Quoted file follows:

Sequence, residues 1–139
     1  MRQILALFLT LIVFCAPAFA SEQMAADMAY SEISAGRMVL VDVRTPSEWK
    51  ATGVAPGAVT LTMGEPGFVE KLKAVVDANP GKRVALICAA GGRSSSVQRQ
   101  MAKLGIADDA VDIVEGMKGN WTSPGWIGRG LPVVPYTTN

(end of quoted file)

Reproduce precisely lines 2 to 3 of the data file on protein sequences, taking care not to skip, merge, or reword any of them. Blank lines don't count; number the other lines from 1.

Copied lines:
     1  MRQILALFLT LIVFCAPAFA SEQMAADMAY SEISAGRMVL VDVRTPSEWK
    51  ATGVAPGAVT LTMGEPGFVE KLKAVVDANP GKRVALICAA GGRSSSVQRQ